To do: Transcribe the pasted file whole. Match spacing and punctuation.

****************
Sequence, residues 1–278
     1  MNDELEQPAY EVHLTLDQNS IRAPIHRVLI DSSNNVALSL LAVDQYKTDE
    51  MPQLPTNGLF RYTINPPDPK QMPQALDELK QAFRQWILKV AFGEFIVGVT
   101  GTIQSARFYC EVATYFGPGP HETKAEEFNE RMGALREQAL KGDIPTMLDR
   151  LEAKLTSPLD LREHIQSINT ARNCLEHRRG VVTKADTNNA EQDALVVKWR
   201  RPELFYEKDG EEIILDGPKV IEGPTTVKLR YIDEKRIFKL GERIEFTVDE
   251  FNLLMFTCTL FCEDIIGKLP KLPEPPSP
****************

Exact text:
Sequence, residues 1–278
     1  MNDELEQPAY EVHLTLDQNS IRAPIHRVLI DSSNNVALSL LAVDQYKTDE
    51  MPQLPTNGLF RYTINPPDPK QMPQALDELK QAFRQWILKV AFGEFIVGVT
   101  GTIQSARFYC EVATYFGPGP HETKAEEFNE RMGALREQAL KGDIPTMLDR
   151  LEAKLTSPLD LREHIQSINT ARNCLEHRRG VVTKADTNNA EQDALVVKWR
   201  RPELFYEKDG EEIILDGPKV IEGPTTVKLR YIDEKRIFKL GERIEFTVDE
   251  FNLLMFTCTL FCEDIIGKLP KLPEPPSP